The New York Rangers are no longer in the running to take home the Stanley Cup this year and there are plenty of questions about what next season will look like. While talk of letting go head coach John Tortorella won’t be taken too seriously — mainly because of the fact management would need to hire body guards to do so– Brad Richards’ job is less safe. But the Rangers center wants to remain in New York and plans on honoring his end of the massive contract he signed.
“I signed here to be a Ranger a lot longer than a year and a half,” he said, via ESPN New York. “I still hope to do that, but I gotta take care of how I can play and that’s all on me.”
The second highest paid player in the NHL, Richards was benched in the postseason and played nowhere near the level we saw him reach when he won the Conn Smythe Trophy. But had Richards not signed the gigantic contract he signed with the Rangers, a lot of his problems wouldn’t be as amplified as they currently are.
Richards still has seven years left on his $60 million contract from two years ago and it’s making him a prime candidate for a compliance buyout this offseason. While the talk has become louder since Richards’ struggles in the postseason, the center says he’s been hearing rumblings from fans and writers all season long.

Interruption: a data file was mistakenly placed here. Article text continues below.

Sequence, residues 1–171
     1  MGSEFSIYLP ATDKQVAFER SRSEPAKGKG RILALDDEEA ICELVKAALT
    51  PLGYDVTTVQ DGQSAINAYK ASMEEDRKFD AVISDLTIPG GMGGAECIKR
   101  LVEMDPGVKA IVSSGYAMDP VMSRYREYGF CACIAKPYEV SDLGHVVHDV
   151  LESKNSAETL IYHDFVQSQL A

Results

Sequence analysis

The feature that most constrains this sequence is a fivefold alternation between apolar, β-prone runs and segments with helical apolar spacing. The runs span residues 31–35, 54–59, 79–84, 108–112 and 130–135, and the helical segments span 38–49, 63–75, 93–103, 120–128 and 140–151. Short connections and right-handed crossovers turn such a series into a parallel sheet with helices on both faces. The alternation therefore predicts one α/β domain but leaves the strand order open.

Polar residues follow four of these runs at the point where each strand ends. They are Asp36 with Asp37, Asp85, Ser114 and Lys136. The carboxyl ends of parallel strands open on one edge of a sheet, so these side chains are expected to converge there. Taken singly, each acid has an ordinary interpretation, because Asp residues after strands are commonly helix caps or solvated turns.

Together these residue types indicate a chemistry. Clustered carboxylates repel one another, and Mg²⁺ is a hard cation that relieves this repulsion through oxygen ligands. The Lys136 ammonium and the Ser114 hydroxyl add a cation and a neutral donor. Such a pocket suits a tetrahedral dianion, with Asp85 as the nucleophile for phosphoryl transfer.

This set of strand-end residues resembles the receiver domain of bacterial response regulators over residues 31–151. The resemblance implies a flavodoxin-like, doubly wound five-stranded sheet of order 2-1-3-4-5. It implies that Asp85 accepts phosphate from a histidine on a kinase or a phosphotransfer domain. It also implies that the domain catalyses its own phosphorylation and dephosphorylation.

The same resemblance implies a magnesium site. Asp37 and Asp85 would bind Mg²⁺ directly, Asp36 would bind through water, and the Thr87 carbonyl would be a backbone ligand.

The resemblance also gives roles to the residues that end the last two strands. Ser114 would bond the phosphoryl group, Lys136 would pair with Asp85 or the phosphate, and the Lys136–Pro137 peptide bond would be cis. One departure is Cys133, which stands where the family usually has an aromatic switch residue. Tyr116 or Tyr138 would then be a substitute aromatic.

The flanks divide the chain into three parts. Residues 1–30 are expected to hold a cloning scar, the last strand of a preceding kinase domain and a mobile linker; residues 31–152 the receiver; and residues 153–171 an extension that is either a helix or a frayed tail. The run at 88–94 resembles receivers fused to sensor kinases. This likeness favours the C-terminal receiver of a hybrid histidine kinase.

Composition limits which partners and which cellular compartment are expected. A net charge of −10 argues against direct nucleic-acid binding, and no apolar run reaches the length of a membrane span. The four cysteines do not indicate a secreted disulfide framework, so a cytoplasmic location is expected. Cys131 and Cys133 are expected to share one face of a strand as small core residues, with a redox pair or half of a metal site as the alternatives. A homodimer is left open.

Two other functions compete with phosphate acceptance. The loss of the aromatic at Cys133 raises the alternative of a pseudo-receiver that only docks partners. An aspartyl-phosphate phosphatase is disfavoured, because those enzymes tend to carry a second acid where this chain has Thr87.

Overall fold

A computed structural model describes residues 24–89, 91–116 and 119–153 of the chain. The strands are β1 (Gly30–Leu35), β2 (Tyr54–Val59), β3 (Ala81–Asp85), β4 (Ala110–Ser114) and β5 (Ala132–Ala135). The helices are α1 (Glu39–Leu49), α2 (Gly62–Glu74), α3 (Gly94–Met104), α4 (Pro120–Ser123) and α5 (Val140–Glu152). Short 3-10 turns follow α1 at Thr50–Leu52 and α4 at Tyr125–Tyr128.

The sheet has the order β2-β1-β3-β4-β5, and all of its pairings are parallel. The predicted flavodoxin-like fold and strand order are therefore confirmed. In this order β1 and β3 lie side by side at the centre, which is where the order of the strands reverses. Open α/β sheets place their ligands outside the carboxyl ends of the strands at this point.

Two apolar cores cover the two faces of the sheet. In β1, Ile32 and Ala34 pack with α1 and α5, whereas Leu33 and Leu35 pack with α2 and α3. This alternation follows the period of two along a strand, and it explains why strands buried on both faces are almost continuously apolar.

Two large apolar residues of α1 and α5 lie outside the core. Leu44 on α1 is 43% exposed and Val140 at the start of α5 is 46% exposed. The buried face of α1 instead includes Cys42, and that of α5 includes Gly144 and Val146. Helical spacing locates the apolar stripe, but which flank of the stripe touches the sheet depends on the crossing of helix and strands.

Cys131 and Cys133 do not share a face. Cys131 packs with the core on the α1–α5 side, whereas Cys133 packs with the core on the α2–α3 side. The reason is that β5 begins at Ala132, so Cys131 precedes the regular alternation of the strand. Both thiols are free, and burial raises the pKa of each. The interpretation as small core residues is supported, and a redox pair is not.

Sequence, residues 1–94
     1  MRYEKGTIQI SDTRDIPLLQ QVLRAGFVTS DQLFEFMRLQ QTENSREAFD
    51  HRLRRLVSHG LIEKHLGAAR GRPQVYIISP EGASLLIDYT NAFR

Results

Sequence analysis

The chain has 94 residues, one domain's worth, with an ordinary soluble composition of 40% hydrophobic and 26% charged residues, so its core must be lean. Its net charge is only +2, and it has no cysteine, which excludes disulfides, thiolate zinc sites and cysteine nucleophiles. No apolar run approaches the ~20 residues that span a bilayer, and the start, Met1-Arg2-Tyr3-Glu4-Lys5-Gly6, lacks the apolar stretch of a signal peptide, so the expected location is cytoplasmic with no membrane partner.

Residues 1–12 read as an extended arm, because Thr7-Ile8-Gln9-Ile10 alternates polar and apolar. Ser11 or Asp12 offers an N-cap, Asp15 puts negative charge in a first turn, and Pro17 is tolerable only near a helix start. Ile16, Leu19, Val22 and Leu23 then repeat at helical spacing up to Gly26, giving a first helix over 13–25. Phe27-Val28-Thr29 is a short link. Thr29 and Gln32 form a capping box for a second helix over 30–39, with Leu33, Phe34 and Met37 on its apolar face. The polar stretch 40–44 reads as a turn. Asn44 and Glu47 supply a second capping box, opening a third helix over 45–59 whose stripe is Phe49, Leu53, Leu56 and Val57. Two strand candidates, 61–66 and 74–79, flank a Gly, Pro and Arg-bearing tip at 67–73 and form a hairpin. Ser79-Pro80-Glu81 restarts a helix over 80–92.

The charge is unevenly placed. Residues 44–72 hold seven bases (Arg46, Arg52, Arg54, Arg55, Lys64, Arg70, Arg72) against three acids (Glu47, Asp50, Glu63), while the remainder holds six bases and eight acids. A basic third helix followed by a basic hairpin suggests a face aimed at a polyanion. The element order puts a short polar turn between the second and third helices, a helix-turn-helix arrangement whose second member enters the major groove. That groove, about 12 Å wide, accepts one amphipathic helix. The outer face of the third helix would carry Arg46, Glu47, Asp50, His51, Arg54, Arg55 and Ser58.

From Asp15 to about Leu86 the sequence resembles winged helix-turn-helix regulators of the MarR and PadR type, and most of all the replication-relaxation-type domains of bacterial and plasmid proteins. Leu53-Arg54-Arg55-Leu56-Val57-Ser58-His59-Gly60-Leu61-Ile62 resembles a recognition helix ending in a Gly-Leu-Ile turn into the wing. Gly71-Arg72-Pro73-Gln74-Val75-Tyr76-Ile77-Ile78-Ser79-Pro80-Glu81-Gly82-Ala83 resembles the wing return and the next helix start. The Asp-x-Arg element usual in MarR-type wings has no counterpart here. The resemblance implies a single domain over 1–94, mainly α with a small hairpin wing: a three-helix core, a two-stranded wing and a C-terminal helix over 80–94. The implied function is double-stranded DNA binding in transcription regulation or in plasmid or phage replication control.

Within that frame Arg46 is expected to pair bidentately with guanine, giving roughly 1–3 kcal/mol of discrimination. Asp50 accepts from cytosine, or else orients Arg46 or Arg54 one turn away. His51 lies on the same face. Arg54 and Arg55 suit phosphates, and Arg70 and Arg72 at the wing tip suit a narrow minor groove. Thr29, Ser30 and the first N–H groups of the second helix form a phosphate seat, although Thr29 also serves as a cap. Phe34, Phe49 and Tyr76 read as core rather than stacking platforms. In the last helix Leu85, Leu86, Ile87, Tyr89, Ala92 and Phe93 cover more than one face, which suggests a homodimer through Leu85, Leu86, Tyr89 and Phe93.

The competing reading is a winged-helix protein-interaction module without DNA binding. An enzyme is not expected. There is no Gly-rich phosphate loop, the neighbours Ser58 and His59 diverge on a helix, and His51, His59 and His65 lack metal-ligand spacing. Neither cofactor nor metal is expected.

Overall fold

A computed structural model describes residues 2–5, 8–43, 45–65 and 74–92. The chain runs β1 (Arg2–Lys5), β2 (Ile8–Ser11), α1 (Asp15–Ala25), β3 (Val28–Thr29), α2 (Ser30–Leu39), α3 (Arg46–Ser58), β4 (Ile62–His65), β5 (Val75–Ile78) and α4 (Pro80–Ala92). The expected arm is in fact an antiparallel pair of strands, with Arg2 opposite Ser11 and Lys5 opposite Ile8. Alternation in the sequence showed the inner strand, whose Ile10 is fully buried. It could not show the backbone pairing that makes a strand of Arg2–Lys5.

“That’s been written since probably a week into the season,” Richards said of the buyout talk. “That’s the business side of it. I’m playing hockey no matter what.”
But the talk of Richards’ being bought out by the Rangers stems more from his age than it does his play. At age 33, if Richards fulfilled the entire length of his contract he’d be 40 when it expires. If Richards retires early before his contract is done, the Rangers would be charged with a penalty of $5.66 million if Richards calls it quits in 2017, $8.5 million in 2018, and $17 million in 2019.
If the Rangers also don’t want Richards to suffer an injury that they’d then have to pay for as he’d be sitting on the bench — even though he was doing exactly that in the postseason albeit as a healthy scratch.
So the situation with Richards is one to watch closely as even if he wants to come back to the Rangers, New York might find it wiser to let him go and save the money they’d be otherwise putting on the line.